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Self-harm and suicidal thoughts

What is self-harm?

Self-harm, or self-injury, describes a wide range of things people deliberately do to themselves that appear to be harmful but usually do not kill them. Self-harm is not usually a failed attempt at suicide, but it can still be very hard for parents or carers.

Cutting the arms or the back of the legs with a razor or knife is the most common form of self harm, but self-harm can take many forms, including burning, biting, hitting or taking overdoses.

A young person may self-harm to help them cope with negative feelings, to feel more in control or to punish themselves. It can be a way of relieving overwhelming feelings that build up inside, when they feel isolated, angry, guilty or desperate.’

- Ask yourself "Do I feel angry/anxious/what about"
- Talk to someone about your feelings.
- Write a letter to someone you’re angry or hurt with, saying how you feel (no need to send it)
- Write a list of your achievements.
- Write a letter to yourself saying "I love me because…")

- Have a bath or shower.
- Have an emergency box with whatever helps you cope.
- Buy something special for yourself.
- Massage your hands/arms/feet, or the area you want to harm.
- Stroke a pet or cuddle a teddy.
- Paint your nails or get your hair done.
- Try relaxation, meditation or yoga.
- Ask someone you know well to hug you or hug yourself.

- Scream as loud as you can.
- Hit a cushion.
- Squeeze a stress ball.
- Squeeze ice really hard.
- Listen to music and dance energetically.
- Draw on the place you want to cut with red marker pen or fake blood.
- Write words on yourself with a red marker pen.
- Chew on ice cubes. Chew on raw ginger.
- Place an elastic band around your wrist and ping it when you have the urge to self harm.
- Spend some energy—go for a walk, run, walk, or bike ride.

- Keep a chart—add a star for each day/hour you have not self harmed.
- If you do self-harm, just leave a space and start again.

- Watch TV, a DVD or play a computer game
- Message or ring a friend.
- Meet up with a friend.
- Talk to someone about how you feel.
- Learn a new skill (juggling, loom bands, sewing, knitting).
- Look for pictures in the clouds.
- Tidy your room. Have a clear out.
- Help out with the household chores.
- Try baking a cake or cooking dinner.
- Think about what you’d like to change about your life and make a plan.
- Make a paper chain of the days its been since you’ve self-harmed and add a new link every day you don't self harm.

Because cutting and other means of self-harm tend to be taboo subjects, the people around you—and possibly even you—may harbor serious misconceptions about your motivations and state of mind. Don’t let these myths get in the way of getting help, or helping someone you care about.

Myth

People who self-harm are trying to get attention.

Fact

The truth is that people who self-harm generally do so in secret. They aren’t trying to manipulate others or draw attention to themselves. In fact, shame and fear can make it very difficult to come forward and ask for help.

Myth

If the wounds aren’t bad then it’s not that serious and there’s nothing to worry about.

Fact

The severity of a person’s wounds has very little to do with how much he or she may be suffering. Don’t assume that because the wounds or injuries are minor, there’s nothing to worry about.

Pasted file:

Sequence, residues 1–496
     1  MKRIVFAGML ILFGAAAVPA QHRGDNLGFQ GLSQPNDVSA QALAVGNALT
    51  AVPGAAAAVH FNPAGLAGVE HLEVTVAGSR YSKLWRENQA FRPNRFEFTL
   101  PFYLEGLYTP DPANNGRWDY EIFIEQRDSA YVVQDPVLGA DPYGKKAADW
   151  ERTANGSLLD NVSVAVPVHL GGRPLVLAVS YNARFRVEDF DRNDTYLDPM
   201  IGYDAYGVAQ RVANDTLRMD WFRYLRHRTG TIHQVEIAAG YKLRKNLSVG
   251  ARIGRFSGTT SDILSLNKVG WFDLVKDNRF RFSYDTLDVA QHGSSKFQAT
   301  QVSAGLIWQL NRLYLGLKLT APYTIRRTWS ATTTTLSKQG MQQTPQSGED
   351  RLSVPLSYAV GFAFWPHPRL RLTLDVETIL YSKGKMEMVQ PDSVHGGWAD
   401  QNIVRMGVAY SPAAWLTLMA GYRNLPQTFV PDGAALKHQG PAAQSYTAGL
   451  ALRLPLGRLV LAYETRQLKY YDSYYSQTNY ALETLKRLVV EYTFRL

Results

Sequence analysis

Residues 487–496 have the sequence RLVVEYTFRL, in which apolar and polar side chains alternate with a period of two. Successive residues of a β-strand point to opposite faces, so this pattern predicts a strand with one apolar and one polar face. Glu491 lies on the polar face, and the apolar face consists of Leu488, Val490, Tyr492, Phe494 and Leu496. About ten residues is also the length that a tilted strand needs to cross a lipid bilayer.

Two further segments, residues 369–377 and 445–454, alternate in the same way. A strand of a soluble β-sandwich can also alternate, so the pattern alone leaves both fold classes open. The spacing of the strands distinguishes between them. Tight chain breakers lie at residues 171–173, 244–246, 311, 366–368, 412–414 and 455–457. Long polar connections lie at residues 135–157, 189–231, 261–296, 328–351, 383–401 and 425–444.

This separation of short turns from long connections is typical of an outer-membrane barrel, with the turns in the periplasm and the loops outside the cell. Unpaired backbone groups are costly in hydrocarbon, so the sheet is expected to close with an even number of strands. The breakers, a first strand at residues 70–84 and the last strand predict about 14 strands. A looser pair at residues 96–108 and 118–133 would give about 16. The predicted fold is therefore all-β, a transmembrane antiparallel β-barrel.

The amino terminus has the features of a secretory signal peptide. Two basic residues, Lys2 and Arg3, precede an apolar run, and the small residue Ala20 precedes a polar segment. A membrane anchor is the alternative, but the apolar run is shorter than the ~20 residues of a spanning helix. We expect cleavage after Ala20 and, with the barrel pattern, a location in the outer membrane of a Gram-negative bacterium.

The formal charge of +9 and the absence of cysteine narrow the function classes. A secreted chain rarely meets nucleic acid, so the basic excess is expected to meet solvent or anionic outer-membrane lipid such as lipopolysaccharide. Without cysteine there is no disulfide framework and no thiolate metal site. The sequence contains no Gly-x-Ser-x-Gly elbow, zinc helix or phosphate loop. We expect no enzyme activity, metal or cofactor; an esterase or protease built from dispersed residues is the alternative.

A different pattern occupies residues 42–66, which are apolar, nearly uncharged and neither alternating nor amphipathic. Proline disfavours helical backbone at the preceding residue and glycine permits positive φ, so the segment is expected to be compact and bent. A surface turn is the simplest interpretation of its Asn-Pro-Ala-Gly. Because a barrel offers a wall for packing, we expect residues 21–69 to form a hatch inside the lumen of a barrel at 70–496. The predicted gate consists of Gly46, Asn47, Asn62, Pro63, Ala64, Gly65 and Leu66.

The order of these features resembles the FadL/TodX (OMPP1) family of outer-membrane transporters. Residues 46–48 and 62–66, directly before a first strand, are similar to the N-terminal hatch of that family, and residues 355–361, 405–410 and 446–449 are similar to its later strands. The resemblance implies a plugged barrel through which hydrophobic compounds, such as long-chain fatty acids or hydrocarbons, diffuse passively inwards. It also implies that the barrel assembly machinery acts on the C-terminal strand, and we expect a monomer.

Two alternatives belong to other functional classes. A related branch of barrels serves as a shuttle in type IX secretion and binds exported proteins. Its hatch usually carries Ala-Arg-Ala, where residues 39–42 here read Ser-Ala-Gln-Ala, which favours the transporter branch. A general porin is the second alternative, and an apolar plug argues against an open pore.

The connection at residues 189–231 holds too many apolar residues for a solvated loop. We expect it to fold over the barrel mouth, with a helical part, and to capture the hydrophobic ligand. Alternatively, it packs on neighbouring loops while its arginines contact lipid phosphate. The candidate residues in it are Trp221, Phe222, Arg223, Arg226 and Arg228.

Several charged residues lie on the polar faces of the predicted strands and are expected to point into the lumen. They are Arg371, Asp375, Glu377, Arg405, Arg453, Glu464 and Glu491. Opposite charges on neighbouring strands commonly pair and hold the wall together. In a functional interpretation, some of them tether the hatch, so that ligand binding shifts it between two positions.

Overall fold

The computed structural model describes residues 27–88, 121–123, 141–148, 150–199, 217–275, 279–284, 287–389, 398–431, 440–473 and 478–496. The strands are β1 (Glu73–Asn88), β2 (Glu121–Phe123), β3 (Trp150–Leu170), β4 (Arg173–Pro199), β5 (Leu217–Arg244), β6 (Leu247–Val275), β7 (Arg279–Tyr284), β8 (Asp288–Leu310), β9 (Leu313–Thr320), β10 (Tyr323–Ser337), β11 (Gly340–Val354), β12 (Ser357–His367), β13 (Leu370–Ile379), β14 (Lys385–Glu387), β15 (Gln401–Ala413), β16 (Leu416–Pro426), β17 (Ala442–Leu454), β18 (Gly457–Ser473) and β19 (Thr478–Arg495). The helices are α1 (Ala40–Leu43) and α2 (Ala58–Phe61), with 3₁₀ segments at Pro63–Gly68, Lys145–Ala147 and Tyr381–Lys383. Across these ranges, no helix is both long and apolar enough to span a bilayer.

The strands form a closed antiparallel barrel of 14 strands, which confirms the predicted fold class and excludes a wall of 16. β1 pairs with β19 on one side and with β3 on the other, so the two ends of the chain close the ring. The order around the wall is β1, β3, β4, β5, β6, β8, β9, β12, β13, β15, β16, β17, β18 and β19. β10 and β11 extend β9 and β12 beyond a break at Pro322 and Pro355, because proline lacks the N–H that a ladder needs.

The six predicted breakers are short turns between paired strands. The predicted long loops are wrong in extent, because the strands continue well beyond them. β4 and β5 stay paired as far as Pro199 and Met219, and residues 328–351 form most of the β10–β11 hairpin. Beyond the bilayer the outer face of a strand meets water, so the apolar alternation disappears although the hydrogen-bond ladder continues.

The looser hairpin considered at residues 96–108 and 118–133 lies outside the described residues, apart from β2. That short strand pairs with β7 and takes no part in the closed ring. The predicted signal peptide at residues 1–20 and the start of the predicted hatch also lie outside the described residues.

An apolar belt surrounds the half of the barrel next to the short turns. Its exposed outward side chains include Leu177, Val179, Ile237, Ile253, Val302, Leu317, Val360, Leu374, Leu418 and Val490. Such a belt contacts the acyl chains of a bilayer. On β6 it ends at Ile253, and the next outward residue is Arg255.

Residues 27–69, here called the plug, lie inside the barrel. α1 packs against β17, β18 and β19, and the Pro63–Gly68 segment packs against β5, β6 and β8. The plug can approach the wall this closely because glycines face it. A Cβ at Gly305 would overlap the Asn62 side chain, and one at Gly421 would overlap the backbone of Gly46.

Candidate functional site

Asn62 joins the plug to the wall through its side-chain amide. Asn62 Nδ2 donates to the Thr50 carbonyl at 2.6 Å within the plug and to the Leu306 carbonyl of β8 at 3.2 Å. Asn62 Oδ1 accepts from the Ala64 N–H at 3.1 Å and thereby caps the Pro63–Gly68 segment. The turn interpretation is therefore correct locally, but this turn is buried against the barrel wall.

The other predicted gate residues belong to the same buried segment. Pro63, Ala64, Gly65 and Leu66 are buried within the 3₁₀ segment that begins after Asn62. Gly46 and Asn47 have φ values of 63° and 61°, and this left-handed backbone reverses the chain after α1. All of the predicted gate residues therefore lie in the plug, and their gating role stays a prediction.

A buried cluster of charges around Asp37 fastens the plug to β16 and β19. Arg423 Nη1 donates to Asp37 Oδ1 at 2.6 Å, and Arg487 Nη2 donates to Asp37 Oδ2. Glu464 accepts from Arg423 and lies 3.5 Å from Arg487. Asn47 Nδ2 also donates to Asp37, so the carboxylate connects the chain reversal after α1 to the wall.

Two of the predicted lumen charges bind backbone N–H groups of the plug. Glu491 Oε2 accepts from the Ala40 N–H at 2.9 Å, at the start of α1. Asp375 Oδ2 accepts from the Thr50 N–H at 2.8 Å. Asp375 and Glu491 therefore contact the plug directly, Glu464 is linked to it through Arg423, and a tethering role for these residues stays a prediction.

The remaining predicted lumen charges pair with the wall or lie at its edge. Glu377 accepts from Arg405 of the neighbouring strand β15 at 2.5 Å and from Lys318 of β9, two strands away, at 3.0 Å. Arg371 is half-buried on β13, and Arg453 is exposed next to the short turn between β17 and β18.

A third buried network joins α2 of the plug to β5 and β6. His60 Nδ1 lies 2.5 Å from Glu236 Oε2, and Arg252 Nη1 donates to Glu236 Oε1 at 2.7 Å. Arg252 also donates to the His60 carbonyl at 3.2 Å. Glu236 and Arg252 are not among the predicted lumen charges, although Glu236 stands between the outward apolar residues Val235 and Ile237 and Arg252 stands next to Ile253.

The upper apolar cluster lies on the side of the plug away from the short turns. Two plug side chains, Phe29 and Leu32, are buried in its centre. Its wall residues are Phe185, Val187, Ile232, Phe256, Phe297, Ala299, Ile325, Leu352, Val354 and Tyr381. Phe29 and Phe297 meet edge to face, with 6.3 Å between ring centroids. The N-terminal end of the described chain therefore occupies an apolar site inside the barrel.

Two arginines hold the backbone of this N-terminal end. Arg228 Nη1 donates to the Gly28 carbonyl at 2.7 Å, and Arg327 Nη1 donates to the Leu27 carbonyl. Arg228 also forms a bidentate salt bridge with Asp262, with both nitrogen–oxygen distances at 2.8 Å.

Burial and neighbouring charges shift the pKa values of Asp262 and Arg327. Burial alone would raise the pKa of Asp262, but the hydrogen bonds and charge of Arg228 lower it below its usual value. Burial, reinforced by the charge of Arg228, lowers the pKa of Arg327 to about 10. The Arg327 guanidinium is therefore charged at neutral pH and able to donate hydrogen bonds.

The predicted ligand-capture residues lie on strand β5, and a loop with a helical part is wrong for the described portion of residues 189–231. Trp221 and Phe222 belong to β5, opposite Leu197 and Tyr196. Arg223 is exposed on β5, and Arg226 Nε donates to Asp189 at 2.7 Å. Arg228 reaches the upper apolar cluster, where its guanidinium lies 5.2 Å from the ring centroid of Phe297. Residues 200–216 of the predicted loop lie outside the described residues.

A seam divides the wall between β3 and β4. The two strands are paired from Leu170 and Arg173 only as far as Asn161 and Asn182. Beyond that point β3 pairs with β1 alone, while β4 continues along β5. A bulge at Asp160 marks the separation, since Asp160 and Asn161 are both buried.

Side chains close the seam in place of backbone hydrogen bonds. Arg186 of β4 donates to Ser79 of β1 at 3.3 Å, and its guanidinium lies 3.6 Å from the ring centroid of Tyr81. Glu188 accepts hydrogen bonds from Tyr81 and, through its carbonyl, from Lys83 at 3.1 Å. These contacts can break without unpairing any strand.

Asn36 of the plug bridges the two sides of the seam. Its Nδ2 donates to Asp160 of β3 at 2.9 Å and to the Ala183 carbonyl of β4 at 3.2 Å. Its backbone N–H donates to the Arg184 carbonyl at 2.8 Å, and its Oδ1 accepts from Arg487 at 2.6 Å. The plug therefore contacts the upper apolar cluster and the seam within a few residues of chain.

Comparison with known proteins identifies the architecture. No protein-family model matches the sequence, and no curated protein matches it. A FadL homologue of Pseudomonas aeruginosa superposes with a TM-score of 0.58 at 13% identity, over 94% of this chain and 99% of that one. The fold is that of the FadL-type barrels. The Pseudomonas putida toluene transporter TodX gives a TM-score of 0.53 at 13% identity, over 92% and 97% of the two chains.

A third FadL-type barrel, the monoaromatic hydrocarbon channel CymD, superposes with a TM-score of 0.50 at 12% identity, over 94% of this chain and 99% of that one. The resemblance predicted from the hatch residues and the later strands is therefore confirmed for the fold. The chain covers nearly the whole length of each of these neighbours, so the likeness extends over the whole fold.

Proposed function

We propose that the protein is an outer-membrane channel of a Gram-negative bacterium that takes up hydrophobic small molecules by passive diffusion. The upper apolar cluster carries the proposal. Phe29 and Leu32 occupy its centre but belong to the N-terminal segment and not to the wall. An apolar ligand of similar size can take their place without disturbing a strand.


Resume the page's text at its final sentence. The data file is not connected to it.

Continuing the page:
Myth

People who self-injure are crazy and/or dangerous.

Fact

Self-harmers usually do not want to die. When they self-harm, they are not trying to kill themselves— they are trying to cope with their pain. In fact, self-harm may be a way of helping themselves go on living. However, in the long-term, people who self-harm have a much higher risk of suicide, which is why it’s so important to seek help.

For many months I struggled in silence, dealing with a combination of family and school issues as well as the way I viewed myself. I developed anxiety and began self harming as a result. I didn't know how to deal with my feelings, I began to worry about everything - no matter how small. Self harming was an escape and a way of dealing with the constant worry that was taking over my life. It got to a point where my self esteem and confidence was affected massively, and I couldn't understand why I was feeling the way I did.

When my school got involved and I was referred to CAMHS, my life changed forever.

I was so scared about getting help, I didn't know what to expect or how it would be. The idea of opening up to a stranger scared me and my anxiety was very high. However once I began therapy and got to know my therapist I was amazed at how easy it was to talk about everything - which is something I hadn't really done before. I would hide everything going on from the world, because I felt like no one would understand and I was too scared and ashamed to talk about it. Since then I have learned that so many people experience mental health problems and they are nothing to be ashamed about!

Throughout my two years in therapy, I learned how to cope with the anxiety and why/what caused it. Without CAMHS, I wouldn't be where I am today. Recovery isn't easy, and the first step is the hardest but once you begin your journey, it will get better. You don't have to struggle alone! After a long time, I'm happy to tell my story and I hope that it helps you. Please don't hide everything away from the fear of what people will think! You are not alone and you can get through this!

Key Point

When you feel the urge to self-harm, try putting it off for 5 minutes, then increase it to a 6 minute delay the next time, then 7 minutes etc.

Try putting the items you would self-harm with in a difficult to access  place or in a box with sellotape around it. It gives you time to think about self-harming.